I live in Coburg, which isn’t too far from my studio in North Melbourne where I practise ceramics. I feel lucky to say that I spent my earlier years growing up in Warrandyte on a large property with farmland and creeks nearby. I always spent a lot of time outdoors in the garden searching for blue tongues and absorbing as much of my mum’s knowledge about plants as I could! After finishing high school, I started studying psychology but realised it wasn’t for me and decided to take some time out to travel. When I came back I did some short courses in dressmaking and sewing, and I then started taking ceramics classes at Carlton Arts Centre and my interest in clay just kept evolving. Now I am finishing my Diploma of Ceramics at Holmesglen Tafe.  

When and how did you first get interested in ceramics? 

I guess it’s really been embedded in me and something I’ve appreciated for a long time. My mum and my uncle have such an eye for one-off pieces and beautiful antiques. When I visit my mum’s house now, I spend ages looking through all of her knick knacks and the precious things she’s collected over the years – a lot of which are ceramics! My uncle has always given me the most incredible gifts. Everything has always felt like a treasure from another land! So I’ve always had a great appreciation for ceramics and handmade things. My gran also used to make ceramics at Potters Cottage in Warrandyte and she still has a number of the beautiful pieces she made with glazes she formulated herself. So naturally my mother enrolled me in weekend ceramic classes around the age of 11.



Can you describe the early days of setting up your business?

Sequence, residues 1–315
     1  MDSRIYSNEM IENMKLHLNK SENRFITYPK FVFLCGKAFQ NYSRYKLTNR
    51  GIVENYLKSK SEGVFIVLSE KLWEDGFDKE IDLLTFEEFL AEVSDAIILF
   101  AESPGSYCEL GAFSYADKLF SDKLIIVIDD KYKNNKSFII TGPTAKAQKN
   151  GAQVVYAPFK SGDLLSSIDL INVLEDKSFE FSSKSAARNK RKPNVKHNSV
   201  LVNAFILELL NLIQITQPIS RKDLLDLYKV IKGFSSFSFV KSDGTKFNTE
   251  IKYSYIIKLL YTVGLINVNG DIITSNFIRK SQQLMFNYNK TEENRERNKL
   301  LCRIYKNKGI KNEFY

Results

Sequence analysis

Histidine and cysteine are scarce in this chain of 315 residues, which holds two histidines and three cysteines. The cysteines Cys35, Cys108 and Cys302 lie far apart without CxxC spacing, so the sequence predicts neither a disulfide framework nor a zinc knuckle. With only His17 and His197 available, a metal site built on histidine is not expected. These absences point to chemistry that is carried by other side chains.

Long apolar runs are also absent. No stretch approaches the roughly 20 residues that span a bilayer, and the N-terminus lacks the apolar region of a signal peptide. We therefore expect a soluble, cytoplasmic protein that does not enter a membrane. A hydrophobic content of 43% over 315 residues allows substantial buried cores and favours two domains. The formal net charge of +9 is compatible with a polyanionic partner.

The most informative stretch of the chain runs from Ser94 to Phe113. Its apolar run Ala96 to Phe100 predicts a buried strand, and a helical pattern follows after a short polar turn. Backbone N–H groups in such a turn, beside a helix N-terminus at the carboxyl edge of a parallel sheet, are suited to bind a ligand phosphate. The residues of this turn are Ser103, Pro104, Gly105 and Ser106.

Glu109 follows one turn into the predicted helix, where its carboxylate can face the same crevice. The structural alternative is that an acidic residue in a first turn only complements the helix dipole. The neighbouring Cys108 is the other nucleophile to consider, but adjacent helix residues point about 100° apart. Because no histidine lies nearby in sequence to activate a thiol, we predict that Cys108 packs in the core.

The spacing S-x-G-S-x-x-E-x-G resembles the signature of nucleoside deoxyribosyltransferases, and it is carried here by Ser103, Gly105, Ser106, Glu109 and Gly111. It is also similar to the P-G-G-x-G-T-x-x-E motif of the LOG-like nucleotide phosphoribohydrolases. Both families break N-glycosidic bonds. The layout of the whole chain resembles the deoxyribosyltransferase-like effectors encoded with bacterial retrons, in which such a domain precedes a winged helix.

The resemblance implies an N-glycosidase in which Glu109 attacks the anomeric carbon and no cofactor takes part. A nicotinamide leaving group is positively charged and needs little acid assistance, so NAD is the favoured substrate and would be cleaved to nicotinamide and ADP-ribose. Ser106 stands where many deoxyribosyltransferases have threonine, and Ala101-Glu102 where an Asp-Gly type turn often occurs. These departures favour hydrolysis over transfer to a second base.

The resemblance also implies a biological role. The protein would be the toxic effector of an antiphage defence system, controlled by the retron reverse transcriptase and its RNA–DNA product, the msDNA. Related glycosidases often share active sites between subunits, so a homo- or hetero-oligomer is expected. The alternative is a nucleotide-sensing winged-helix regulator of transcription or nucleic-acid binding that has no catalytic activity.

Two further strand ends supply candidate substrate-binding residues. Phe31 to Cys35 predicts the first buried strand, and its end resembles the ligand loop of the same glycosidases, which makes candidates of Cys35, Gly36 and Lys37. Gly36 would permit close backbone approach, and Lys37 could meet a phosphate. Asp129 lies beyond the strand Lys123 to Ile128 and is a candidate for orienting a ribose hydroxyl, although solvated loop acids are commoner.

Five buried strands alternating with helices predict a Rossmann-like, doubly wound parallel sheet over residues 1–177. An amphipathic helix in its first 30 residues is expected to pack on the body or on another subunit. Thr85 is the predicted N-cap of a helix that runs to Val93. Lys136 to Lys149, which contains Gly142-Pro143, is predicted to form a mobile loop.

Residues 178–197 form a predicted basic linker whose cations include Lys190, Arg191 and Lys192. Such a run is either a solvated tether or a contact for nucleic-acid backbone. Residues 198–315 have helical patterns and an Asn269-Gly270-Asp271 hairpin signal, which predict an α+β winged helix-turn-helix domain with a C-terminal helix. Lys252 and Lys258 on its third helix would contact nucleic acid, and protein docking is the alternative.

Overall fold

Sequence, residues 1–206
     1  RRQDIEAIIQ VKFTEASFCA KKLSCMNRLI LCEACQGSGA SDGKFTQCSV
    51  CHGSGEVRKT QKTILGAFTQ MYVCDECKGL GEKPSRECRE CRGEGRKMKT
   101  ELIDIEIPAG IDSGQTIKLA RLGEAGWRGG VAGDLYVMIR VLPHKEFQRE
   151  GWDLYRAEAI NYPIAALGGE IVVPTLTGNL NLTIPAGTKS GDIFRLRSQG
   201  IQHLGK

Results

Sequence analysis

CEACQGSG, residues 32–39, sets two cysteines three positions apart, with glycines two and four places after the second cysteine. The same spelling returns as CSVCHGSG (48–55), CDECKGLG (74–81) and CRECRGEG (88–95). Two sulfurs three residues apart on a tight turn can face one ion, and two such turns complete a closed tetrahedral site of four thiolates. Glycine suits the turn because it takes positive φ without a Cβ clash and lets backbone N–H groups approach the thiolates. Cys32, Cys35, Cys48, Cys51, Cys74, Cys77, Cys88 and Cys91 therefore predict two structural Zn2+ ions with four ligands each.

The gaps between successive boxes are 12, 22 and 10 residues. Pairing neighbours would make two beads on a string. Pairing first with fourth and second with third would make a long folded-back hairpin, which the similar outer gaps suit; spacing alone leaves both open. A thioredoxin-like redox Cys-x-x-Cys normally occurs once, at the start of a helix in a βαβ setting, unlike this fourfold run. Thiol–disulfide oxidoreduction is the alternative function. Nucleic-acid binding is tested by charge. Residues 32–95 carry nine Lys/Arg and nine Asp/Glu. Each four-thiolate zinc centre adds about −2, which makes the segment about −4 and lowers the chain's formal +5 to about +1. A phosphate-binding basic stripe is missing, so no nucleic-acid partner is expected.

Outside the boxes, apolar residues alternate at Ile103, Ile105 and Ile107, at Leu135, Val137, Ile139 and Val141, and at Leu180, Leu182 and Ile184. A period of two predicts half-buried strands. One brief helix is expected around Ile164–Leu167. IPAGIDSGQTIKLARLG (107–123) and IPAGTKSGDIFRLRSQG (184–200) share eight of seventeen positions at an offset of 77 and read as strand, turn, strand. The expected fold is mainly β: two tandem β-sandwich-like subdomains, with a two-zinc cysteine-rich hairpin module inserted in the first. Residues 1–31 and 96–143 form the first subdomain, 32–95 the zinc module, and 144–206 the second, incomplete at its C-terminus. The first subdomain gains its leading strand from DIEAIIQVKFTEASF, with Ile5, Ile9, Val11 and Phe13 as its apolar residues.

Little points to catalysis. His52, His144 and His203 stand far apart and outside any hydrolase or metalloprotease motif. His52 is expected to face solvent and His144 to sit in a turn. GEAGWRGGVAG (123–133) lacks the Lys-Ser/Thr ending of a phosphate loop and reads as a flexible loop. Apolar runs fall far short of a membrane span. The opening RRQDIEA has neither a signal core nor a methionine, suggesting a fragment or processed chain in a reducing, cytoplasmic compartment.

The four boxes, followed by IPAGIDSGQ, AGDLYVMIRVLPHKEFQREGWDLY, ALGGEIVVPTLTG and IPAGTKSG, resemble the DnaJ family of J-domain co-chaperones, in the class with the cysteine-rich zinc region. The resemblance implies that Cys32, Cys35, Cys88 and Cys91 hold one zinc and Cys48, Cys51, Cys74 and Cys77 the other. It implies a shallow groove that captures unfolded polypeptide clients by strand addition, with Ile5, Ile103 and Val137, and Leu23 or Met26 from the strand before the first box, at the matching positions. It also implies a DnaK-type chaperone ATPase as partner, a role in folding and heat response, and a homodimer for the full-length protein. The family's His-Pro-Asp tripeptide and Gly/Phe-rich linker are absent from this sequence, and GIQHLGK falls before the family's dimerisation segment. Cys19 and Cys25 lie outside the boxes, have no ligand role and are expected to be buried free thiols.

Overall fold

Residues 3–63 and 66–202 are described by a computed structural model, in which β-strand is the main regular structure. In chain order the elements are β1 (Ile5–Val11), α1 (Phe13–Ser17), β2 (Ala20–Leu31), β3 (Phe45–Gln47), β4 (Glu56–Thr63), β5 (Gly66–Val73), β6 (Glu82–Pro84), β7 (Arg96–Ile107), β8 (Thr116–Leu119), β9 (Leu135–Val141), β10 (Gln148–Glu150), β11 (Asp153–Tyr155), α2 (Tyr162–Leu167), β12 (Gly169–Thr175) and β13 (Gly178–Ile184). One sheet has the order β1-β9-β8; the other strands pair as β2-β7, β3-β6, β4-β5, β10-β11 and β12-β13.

I initially started taking throwing classes at Carlton Arts Centre. I loved these classes, because I was just happy to be making something with my hands. I wasn’t doing it for an outcome, it was just to play and be immersed in something new. Though I soon realised ceramics can’t just be a casual affair, it demands attention and perseverance. I became obsessed with the process, and how much you really have to nurture your work if you want it to make it. It was all a lesson in patience and practising non-attachment. I was going 3-4 times a week, but I wanted more. I needed to know more about hand-building and glazes, which lead me look into Holmesglen. At the moment I’m trying less to focus on the outcome – whether a piece will be functional, where I imagine it to be placed or how it fits into the world, and instead to just feel it out and be open to things changing along the way. Since the start of the year, I’ve been lucky enough to gain a studio space with other potters and shared equipment, which has been amazing! It’s so good to be surrounded by people who are using the same medium but in so many varied ways.

What does a typical day look like for you?